Anyway, today we’re going to talk about nursing school study tips. Like I said, nursing school was a bit different than any other program that I’d been to. Actually, before I started nursing school I had about 180 college credits. I attended a program initially studying health science, and took anatomy and physiology and all those courses there, and chemistry’s and things, and go through about 102 credits there, and withdrew from that after some time, and realized I wasn’t quite sure exactly what I wanted to do yet, so short of achieving a bachelors degree there, I withdrew and later attended a business program, a couple of years later, and took another 60 credits there or so, and then took some credits on the side, preparing for nursing school, microbiology and things like that.


I had already taken quite a bit of college credit prior to attending nursing school, but I did find that nursing school is a little bit different in the way that tests were administered, and in the different practices that I found best help me. Rather than just memorizing information, nursing school, I found it most helpful to actually understand what’s causing things, and everything. I’m just going to talk about 5 different study tips that really helped me. Now, in my program, I did graduate [inaudible 00:03:34] from my program. Part of the Sigma Theta Tau, the whole National Honors Society thing. I had a 3.8 and I was able to, as the NCLEX has 75 questions, so I feel like I was able to learn some habits that helped quite a bit with studying.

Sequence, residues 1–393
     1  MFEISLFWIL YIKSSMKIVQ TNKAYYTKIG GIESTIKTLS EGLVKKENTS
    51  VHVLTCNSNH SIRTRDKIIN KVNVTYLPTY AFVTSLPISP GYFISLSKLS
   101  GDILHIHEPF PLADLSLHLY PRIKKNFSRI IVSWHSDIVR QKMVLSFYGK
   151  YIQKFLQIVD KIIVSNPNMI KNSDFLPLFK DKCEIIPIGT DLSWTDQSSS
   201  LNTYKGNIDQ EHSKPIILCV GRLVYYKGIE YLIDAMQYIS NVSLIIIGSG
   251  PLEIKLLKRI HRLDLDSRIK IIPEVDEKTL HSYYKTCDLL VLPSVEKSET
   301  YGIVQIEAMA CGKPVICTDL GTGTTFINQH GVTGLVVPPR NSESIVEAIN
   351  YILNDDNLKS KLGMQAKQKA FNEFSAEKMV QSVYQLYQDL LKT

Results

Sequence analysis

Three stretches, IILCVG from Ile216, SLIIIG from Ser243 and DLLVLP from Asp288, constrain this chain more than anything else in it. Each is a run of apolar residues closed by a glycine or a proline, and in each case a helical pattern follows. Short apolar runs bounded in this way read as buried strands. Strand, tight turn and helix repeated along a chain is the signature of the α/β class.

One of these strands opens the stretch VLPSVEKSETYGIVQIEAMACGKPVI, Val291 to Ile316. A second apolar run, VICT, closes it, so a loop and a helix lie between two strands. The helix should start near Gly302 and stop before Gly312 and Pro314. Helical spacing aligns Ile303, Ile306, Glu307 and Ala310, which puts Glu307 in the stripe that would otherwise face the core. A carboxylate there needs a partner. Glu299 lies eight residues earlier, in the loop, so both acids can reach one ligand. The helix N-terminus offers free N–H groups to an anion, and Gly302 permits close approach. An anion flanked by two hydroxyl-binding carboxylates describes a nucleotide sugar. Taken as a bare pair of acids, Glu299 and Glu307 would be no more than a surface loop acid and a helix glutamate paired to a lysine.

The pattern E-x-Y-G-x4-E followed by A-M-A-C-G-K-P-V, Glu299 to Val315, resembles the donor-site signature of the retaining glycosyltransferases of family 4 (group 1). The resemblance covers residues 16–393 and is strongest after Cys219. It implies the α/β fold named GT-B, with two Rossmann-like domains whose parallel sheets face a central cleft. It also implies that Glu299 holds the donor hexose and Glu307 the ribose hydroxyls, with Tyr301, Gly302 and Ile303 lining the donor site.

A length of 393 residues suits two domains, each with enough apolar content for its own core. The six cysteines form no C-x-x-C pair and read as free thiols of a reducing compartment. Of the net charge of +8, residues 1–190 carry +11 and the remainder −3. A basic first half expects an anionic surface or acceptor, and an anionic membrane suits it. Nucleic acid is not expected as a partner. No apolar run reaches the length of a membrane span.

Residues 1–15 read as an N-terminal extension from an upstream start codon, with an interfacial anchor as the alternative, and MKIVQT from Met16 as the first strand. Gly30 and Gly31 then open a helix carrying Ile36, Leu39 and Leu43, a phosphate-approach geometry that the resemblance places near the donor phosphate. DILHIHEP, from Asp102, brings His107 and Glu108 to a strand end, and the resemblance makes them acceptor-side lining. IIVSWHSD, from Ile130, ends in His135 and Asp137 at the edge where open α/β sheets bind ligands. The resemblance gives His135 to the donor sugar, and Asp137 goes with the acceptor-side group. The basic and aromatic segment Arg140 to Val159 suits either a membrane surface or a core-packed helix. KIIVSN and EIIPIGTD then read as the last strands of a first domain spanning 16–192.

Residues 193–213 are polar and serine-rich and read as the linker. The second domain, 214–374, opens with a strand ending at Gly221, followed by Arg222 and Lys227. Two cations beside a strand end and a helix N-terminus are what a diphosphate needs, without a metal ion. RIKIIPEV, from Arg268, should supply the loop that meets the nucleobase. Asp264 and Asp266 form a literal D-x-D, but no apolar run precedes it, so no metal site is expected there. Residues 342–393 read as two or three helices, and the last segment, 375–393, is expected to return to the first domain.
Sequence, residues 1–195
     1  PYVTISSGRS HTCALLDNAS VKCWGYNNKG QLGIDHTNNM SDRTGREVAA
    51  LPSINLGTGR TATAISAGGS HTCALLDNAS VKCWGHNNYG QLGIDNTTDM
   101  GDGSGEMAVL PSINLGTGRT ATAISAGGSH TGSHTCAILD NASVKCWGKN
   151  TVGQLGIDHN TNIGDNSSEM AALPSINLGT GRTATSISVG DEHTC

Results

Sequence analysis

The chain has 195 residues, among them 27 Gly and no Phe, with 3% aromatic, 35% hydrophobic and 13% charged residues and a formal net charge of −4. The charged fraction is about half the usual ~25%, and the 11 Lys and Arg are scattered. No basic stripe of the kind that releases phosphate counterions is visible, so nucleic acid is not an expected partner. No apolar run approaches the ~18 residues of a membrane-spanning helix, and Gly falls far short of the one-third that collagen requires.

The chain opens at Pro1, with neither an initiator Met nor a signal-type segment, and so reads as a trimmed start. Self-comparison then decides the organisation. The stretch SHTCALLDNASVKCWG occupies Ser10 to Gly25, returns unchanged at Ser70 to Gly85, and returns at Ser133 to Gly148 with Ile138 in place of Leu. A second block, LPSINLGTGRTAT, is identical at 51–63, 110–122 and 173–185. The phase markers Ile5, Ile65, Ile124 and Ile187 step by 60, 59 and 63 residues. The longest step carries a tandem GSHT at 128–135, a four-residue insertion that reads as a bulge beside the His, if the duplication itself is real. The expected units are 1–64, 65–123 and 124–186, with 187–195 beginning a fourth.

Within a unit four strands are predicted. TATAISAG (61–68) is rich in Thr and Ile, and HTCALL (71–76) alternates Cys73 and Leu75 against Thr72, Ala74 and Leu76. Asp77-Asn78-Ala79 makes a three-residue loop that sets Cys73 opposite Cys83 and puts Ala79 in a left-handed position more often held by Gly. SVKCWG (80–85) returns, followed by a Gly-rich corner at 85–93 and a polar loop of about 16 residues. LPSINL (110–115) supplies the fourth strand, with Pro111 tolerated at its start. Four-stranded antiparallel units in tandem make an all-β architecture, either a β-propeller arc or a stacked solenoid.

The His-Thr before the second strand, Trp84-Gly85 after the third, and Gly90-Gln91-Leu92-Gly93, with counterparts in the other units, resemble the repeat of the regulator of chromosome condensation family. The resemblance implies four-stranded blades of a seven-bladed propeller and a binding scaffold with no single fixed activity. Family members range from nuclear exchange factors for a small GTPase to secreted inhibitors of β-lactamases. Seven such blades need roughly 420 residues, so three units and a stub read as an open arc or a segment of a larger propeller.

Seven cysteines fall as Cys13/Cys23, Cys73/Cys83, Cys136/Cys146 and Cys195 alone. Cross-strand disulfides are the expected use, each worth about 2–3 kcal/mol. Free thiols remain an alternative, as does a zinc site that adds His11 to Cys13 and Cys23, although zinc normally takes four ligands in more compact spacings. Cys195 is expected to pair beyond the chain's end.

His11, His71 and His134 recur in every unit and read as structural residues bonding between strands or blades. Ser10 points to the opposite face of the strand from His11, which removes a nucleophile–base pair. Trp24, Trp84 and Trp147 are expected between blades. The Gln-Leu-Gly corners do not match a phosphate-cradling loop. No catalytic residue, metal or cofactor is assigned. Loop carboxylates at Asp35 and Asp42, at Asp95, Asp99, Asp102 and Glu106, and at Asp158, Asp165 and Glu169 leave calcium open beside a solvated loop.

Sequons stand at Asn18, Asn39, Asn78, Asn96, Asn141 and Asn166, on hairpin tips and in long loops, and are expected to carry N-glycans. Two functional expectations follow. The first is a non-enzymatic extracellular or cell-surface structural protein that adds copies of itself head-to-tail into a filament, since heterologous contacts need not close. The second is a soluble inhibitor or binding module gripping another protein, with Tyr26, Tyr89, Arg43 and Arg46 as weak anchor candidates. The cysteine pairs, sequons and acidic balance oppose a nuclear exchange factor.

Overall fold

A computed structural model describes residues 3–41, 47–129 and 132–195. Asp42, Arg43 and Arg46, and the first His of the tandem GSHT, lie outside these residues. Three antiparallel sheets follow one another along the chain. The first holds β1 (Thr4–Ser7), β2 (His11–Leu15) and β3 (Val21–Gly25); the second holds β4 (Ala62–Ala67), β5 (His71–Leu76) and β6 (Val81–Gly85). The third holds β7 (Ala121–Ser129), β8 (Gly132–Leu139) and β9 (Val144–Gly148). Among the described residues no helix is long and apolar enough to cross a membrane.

The first thing I want to talk about is developing a study group. Now, when I say that, I don’t necessarily mean just picking out your best friends in your program. What I mean is finding someone in your class who is smarter than you. It really is important to find someone that’s smarter than you. For me, this wasn’t hard, but you really need to find someone that has a better grasp of the content, or perhaps has a different background than you, where they’ll be able to strengthen your weaknesses. I was able to find a friend in my course who had already taking a whole bunch of pharmacy courses in a different country, and came here to do nursing school, so for me, this was a huge win. He was able to explain concepts that I didn’t quite grasp, and it really worked for me.